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Jason Fry and Greg Prince
Faith and Fear in Flushing made its debut on Feb. 16, 2005, the brainchild of two longtime friends and lifelong Met fans.

Greg Prince discovered the Mets when he was 6, during the magical summer of 1969. He is a Long Island-based writer, editor and communications consultant. Contact him here.

Jason Fry is a Brooklyn writer whose first memories include his mom leaping up and down cheering for Rusty Staub. Check out his other writing here.

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Mets Give Jae Hook

Dennis Cunningham, the longtime Channel 2 movie critic, reviewed St. Elmo's Fire as such:

It stars seven of Hollywood's freshest young faces. And if you don't like those, we've got seven more for you.

This is pretty much how teams build bullpens. Certainly it's how ours does. Closers are generally etched in stone and everything else takes a pencil.

When we approached 2005 in spring training, who were we looking at for those pesky innings between Pedro (who was going to be so decrepit he wouldn't see the sixth) and Looper?

Bell, Koo, DeJean. Something like that.

Where were we by year's end?

Padilla, Heilman, Hernandez.

In between, there was…oh, I don't need to run through them the way Randolph and Peterson did. Suffice it to say we won 83 games with a dinged-up fireman and a relief corps that was more vamped than revamped.

This is why I applaud Omar's recent efforts to bring in dependable bullpen guys. Or guys who could be dependable. Or guys who have been dependable somewhere. Or guys who weren't here a year ago at this time.

Duaner Sanchez, Steve Schmoll, Chad Bradford (he'd love your support, but requests you keep it to yourself)…sure, why not? They could be pretty darn good more often than they're not, and that's really all you can ask of middle and setup men.

I agree, to a point, with a friend who shakes his head at Minaya's latest trade by noting “setup men are almost a dime a dozen and finding really effective ones is a crapshoot.” By definition, every pitcher who isn't a starter or a closer is a setup man or one who would like to be so as to get out of being the Maytag long man. So yes, they are plentiful. And, yes, it is a crapshoot, judging by the dice we kept rolling on Matthews, Takatsu, Aybar, Hamulack, Ring, Santiago, Graves and all of the above last year.

Then why not try to reduce the odds and show up to camp with some guys in whom you have some confidence? That's hardly what was done in '05, a season in which the six games between us and the Wild Card may have been a matter of securing a better bullpen sooner than later. Seeing as how at least one relief pitcher and usually more are used in 154 or so games annually, the dime-a-dozen, bring 'em in, move 'em out philosophy should not be our default position.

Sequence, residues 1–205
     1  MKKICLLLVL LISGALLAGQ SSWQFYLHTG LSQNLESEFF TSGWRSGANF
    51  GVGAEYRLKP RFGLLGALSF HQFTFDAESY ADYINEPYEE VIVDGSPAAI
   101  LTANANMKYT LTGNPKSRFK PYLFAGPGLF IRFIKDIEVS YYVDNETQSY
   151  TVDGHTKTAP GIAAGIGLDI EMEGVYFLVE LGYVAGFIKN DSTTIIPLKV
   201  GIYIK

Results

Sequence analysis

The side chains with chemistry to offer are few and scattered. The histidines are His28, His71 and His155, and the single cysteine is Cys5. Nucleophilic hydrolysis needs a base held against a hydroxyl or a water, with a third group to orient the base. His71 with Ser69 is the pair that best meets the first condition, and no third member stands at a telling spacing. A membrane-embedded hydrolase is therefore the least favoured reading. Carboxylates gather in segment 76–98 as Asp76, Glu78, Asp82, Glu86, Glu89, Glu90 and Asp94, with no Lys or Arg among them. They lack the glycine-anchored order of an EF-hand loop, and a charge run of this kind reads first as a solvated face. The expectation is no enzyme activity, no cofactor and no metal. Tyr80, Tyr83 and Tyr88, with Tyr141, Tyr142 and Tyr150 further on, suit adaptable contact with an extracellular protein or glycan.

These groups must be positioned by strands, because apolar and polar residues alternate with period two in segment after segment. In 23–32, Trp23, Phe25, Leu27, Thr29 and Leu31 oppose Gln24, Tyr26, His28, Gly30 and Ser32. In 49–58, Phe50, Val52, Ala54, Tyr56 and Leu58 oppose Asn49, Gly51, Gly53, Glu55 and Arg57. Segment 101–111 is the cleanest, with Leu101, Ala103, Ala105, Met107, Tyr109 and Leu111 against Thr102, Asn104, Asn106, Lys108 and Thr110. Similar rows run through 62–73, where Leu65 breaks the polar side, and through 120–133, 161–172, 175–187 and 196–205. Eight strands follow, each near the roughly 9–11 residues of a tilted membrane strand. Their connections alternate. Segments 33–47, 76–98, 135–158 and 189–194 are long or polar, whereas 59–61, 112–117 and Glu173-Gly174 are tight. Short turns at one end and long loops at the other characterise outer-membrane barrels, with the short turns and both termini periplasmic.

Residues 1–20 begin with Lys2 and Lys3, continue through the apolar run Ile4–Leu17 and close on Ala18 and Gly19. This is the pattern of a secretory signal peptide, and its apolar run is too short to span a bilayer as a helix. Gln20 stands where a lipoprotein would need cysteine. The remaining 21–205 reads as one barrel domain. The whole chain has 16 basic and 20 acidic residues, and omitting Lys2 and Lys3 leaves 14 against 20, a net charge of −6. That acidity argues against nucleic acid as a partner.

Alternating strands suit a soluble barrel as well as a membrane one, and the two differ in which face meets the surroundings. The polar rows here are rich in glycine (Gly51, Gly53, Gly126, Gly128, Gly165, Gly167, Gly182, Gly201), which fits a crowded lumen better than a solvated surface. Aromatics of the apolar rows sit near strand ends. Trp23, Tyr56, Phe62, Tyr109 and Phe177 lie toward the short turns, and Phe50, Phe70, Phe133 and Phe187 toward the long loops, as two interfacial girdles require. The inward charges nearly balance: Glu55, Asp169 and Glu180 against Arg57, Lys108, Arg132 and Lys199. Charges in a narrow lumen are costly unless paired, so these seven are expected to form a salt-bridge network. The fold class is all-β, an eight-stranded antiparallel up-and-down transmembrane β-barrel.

I don't understand the outdated thinking that shudders at trading starters for relievers, no matter the pitchers in question. Early next week will likely bring a recurrence of perennial handwringing at the exclusion of Bruce Sutter and Goose Gossage from the Hall of Fame. Those who take relief pitching seriously will lower their voices and decry the shame of it all. The rest will blindly go about ignoring how important the sixth, seventh and eighth are and dismiss the significance of the men entrusted more often than not with securing their outs.

I liked Jae Seo. Not as much as other people and not nearly enough to adopt the colorful nickname another chum gave the Mets' GM in response to the trade that sent him and Hamulack to the Dodgers for Sanchez and Schmoll. I will not call him Omoron Minaya for this. Seo pitched us some real nice games in 2005, sort of like he did in 2003 and not at all like he didn't in 2004. In August, he was marvelous. In September, he was more than adequate.

But, boy, I just never felt comfortable with him out there on a going basis. Consider me as unwilling to adjust my worldview on Jae Seo as some are on relievers. He just didn't convince me he was a long-term proposition. He tends to teeter on the edge of oblivion in any given game and I sense he may have used up his rabbits in hats last year.

I wouldn't have rushed to trade him, but I don't think bolstering the bullpen is exactly giving him away. And let's remember that rosters aren't frozen on January 5. The general manager's desire is to do Omore. It may result in another setup type, like the long-discussed Danys Baez. This may be a piling up of chip after chip, and when the chips fall, we could wind up with Manny Ramirez. Or it could just be Seo & Hamulack for Sanchez & Schmoll and I could live with that.

Pedro, Glavine, Benson, Zambrano, Trachsel, perhaps Heilman. Seo is younger than all of them except Heilman and we don't know if Heilman is a starter (I liked him fine in the ninth when tried, but that ship has sailed). On the other hand, Seo had been bouncing around the Mets' system for eight seasons, was given to mound snits and has not shown a propensity for consistency. Youth isn't everything.

We still need a lefty in the pen and none of the new guys (acquired after and projected to pitch before Wagner) is that. And we're still shy a second baseman, even with the minor league contract proffered to Bret Boone. Guys get minor league contracts all winter long, so I'm not ready to recalculate the lineup's average age upward just yet. We haven't had much luck with erstwhile All-Star second-sackers. Bret Boone wouldn't be my first option. I doubt he'll be Willie's.

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